However, the most noteworthy update to the 2018 Range Rover takes place in the center stack, with a new Touch Pro Duo system quarterbacking infotainment features. Dual 10-inch touchscreens control a great-sounding Meridian audio system with 19 speakers, navigation, a Wi-Fi hotspot for up to 8 devices and Bluetooth. The new system will also be Apple CarPlay and Android Auto compatible with an upcoming software update that is coming any day now, according to a Land Rover spokesman.

Touch Pro Duo’s screen resolution and graphics look good and thankfully there’s still a physical volume button at the bottom of the stack, but some general operating issues remain. The system is occasionally slow to boot at vehicle startup, it responds sluggishly to commands and the navigation menu isn’t the most intuitive to use when you want to enter destinations.

To juice up devices, there are three USB ports and two 12-volt sockets up front, while an additional two USB ports, two 12-volt outlets and a three-prong plug are located on the rear of the center console for back-seat occupants.

Touch Pro Duo will finally bring Apple CarPlay and Android Auto to the Range Rover.


Nick Miotke/Roadshow

Safety technologies carry over from previous years, with blind spot monitoring, lane departure warning, parking sensors, rear traffic alert and traffic sign recognition coming standard on the Range Rover’s HSE trim level. Options on my test car include an excellent adaptive cruise control system, forward collision warning with automatic emergency braking, lane keep assist and a head-up display. A 360-degree camera is also installed to help make maneuvering the big Rover into parking spaces a cinch.  

Everything else in the cabin is also familiar with a high seating position, spacious second-row seats and an eye-pleasing mixture of stitched leather, wood and silver finishes. The 31.8 cubic feet of cargo space behind the second row serves me well during numerous runs to Home Depot for supplies. One trip to move two toilets requires folding the rear seats down to open up 68.6 cubic feet of space, which easily accommodates the porcelain thrones.

Delectable diesel

Driving the diesel-powered Rover is still a treat with 3.0-liter turbocharged V6 churning out 254 horsepower and a muscular 443 pound-feet of torque. The slight lull in the powerband at throttle tip-in is a little annoying, but from 1,800 rpm on the oil-burner pulls hard and the ZF-built eight-speed automatic gearbox goes about its business in a seamless manner.

The diesel gives the Range Rover a driving range of up to 658 miles.


Nick Miotke/Roadshow

Together they get the 4,958-pound sled to 60 mph in 7.5 seconds, which is far from slow all things considered. The diesel is a step behind the supercharged V6 model that hits 60 in 7.1 seconds. But it makes up for its acceleration deficit with estimated fuel economy of 22 mpg in the city and 28 mpg on the highway for a driving range of up to 658 miles per tank. Compared to the gas engine’s 17 mpg city and 23 mpg highway ratings, that isn’t a bad consolation prize.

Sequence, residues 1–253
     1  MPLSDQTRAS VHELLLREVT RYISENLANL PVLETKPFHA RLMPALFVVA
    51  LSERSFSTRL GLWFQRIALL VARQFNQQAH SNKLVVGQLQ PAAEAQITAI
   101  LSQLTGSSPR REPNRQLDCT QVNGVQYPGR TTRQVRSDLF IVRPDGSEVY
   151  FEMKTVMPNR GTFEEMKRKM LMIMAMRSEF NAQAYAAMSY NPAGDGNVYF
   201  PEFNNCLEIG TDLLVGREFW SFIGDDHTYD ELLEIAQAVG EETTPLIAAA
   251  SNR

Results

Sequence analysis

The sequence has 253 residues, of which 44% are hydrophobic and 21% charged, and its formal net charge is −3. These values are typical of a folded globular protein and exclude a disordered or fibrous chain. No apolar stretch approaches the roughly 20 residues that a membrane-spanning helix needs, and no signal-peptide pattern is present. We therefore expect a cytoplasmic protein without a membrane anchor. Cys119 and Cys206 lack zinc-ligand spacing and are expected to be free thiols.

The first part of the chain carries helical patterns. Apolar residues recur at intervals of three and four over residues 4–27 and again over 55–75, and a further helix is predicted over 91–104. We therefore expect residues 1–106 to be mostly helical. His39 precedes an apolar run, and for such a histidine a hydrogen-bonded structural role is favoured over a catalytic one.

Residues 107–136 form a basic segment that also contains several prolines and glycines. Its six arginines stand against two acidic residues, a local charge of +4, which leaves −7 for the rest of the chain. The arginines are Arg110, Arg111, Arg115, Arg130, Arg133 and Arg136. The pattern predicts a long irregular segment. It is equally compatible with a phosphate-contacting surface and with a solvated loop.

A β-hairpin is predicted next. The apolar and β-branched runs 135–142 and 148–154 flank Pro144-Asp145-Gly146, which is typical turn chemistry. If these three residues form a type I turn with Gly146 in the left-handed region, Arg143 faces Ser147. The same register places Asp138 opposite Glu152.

The Range Rover’s standard air suspension system still provides a supremely cushy ride around town, softening blows from small to medium bumps when you have the car in Comfort mode. Steering effort is light and response isn’t the snappiest here, but it’s all perfect to make slogs through rush hour as relaxing as possible.

Sharper reflexes are available in Dynamic mode to tighten suspension, steering and drivetrain response, but you’re not going to mistake the Range Rover for a sports car. There’s still noticeable lean at corner turn-in before it takes a set. There’s respectable grip and composure from the P255/55R20 Pirelli Scorpion Verde All Season tires, and the brakes get things slow in rapid fashion.

The air suspension can provide both a comfy ride and respectable corning capabilities.


Nick Miotke/Roadshow

How I’d spec it

Since I’m a big fan of diesels for their torque and range, my Range Rover will have the diesel, which is a $2,000 premium over the supercharged gas V6. I will also spring for the HSE model because it comes standard with blind spot monitoring and traffic sign recognition, and I like always having a reminder of the speed limit. That begins at $97,045, including $995 destination.

From there I would add the $2,400 Vision Assist Package, mainly for the 360-degree camera and head-up display, and $135 for the three-prong power outlet because those come in handy to power bigger electronics like laptops. This brings the price tag of my ideal Range Rover to $99,880, undercutting my test car’s $108,040 as-tested price by a respectable amount.

Getting a diesel in your Range Rover is worth the $2,000 premium.


Nick Miotke/Roadshow

The only diesel

When it comes to large luxury SUVs, the Range Rover has a few competitors like the Infiniti QX80, Lexus LX 570 and Mercedes-Benz GLS-Class that are all getting up there in age. Compared to those three, the Rover features a superior mix of ride comfort and handling, being nicely compliant when needed with things in the Comfort setting and composed enough in Dynamic. I also happen to think it looks the best out of the group.

But the biggest selling point for the Range Rover is the available diesel engine. It’s the only game in town now that Benz no longer offers it on the GLS. Thankfully, this diesel’s a good one.